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A Guide to Wine Glasses

With wine, it’s all about the presentation. Not only is wine beautiful in a tulip-shaped finely crafted crystal wine glass, but its full aroma and body comes to life in a design meant to enhance its being like a Parisian gown complements the female form. All wine glasses are shaped so that the wine’s aroma wafts toward the nose and the liquid is directed toward the appreciative taste buds of the mouth.

The wine lover should own at least two (red and white) but preferably four types of wine glasses:

1. The Bordeaux glass whose wide bowl allows Cabernets and Merlots to breathe and bring out their rich aromas. The tall design of the glass aims the wine toward the back of the mouth where its maximum flavor is savored.

2. The Burgundy glass with a larger bowl than the Burgundy glass directs wines such as Pinot Noir to the tip of the tongue so its sweetness can be tasted.

3. A glass with an opening slightly larger than the body of the glass for a young crisp white wine and

4. A taller straighter glass for a more mature white wine which allows the wine to flow to the rear sides of the tongue so its bolder flavor can be savored.

There are also champagne flutes and dessert wine glasses, but the four above are the basics. Crystal wine glasses are the finest and there are many European brands of note. Reidel wine glasses, from Austria, painstakingly crafted from a composite of quartz sand, lead oxide, sodium and potassium, and then blown on a hollow metal rod, are considered to be among the finest.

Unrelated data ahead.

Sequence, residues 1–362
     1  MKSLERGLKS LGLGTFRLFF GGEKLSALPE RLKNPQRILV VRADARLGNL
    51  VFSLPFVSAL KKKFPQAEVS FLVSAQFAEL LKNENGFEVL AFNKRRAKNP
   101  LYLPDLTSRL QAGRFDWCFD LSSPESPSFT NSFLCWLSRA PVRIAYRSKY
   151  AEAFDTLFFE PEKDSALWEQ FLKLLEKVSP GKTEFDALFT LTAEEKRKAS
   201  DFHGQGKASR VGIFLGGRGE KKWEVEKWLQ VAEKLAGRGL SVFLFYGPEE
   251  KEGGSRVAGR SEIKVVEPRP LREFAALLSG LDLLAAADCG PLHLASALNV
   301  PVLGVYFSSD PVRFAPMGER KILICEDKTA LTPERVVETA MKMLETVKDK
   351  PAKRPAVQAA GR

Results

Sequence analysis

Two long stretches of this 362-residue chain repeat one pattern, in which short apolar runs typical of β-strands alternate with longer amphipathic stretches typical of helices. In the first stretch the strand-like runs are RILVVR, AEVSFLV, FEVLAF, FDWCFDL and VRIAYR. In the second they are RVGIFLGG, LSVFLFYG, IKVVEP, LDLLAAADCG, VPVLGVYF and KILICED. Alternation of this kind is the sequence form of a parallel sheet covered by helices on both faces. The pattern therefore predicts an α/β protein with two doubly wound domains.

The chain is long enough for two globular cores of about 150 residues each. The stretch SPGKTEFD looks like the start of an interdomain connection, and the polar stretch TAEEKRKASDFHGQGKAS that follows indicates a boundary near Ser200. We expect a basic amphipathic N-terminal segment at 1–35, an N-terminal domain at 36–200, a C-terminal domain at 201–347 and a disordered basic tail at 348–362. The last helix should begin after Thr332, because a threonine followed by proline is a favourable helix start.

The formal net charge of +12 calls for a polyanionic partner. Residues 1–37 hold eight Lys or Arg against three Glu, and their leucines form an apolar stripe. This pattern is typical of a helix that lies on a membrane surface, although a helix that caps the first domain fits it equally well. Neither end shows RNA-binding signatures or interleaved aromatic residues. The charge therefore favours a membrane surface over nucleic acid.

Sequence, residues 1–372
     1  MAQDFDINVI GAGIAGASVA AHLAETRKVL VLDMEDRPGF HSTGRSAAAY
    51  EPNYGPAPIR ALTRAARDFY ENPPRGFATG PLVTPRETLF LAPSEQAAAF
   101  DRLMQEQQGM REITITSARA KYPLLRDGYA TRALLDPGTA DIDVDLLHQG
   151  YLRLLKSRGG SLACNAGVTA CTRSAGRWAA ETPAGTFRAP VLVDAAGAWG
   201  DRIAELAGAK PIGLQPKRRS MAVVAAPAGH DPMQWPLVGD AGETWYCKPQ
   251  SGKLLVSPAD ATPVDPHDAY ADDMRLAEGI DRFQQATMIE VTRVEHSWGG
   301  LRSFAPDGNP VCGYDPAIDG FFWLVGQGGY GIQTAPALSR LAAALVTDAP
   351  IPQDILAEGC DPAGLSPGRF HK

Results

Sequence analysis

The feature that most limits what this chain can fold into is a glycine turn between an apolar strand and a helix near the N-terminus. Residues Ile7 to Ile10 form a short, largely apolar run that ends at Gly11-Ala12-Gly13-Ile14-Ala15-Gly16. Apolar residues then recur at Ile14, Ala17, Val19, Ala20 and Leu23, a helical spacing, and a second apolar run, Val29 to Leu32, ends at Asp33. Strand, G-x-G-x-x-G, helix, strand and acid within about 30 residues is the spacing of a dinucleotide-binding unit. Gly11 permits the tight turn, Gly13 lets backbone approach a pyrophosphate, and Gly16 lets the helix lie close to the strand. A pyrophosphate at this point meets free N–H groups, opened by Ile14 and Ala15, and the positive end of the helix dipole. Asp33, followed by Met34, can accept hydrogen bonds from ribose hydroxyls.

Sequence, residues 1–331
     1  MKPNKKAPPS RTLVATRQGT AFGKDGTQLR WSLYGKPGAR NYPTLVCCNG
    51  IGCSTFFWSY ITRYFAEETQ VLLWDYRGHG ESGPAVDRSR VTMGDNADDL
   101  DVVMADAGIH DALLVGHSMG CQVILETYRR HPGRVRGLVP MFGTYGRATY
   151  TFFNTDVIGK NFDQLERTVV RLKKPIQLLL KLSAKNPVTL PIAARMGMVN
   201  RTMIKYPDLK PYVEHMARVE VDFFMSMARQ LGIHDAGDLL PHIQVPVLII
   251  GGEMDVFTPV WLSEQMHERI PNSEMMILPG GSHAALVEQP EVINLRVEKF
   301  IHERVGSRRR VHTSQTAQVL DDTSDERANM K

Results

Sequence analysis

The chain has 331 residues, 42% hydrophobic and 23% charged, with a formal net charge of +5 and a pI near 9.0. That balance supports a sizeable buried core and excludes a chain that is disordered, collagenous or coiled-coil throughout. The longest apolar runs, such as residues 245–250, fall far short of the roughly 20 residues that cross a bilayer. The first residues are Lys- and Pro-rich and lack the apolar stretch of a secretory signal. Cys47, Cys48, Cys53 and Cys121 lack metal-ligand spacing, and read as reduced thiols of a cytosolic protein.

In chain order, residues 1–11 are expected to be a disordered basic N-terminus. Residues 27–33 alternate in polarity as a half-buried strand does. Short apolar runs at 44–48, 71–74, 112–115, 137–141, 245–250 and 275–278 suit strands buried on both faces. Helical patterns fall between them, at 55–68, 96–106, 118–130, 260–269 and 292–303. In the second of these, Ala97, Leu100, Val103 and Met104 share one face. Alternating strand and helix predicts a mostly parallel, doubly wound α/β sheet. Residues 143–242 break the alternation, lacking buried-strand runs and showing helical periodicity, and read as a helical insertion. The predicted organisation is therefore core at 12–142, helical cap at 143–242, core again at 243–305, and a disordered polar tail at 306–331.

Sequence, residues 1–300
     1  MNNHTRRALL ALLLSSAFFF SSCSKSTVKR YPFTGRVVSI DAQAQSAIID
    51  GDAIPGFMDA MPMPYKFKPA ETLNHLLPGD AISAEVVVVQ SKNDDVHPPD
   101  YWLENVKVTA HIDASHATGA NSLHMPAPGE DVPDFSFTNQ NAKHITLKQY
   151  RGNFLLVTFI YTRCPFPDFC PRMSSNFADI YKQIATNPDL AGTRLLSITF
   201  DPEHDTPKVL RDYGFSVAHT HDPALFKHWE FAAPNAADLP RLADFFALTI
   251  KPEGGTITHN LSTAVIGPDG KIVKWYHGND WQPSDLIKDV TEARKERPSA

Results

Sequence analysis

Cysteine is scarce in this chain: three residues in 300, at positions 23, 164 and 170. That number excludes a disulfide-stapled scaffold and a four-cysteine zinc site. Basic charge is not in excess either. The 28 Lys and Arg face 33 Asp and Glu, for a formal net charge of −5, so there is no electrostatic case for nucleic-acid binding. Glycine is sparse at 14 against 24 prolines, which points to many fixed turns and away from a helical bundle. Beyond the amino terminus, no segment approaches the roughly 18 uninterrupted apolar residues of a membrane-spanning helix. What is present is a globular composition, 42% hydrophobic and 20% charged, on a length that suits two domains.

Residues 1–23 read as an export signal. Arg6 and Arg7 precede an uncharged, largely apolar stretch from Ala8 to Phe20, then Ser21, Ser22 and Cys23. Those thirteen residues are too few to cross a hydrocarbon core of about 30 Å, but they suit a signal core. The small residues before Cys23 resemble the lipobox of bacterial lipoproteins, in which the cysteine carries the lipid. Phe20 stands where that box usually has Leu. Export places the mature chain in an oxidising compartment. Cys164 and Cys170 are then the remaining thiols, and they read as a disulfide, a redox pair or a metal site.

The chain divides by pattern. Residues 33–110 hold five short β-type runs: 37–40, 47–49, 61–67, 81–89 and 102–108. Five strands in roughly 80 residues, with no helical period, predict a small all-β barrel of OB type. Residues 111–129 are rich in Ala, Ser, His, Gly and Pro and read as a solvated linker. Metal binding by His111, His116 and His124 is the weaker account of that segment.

Bormioli Rocco is a premier maker of Italian wine glasses. Working closely with Italian sommeliers, Bormioli Rocco creates glasses that enhance the pleasure of tasting fine wines. Their delicate crystal glasses are artistic but also durable enough for the dishwasher. Spiegelau is another fine Italian wine glass manufacturer.

Who hasn’t attended a wedding or sporting event where good quality wines were served in plastic or acrylic wine glasses? Wine glasses and champagne glasses are available in different colors, imprints, and even blinking stems. But for enjoying the aesthetic experience of a fine wine, nothing beats being able to swirl it in a fine clear crystal glass, sniff its delicate aroma, and then finally taste its delicious story.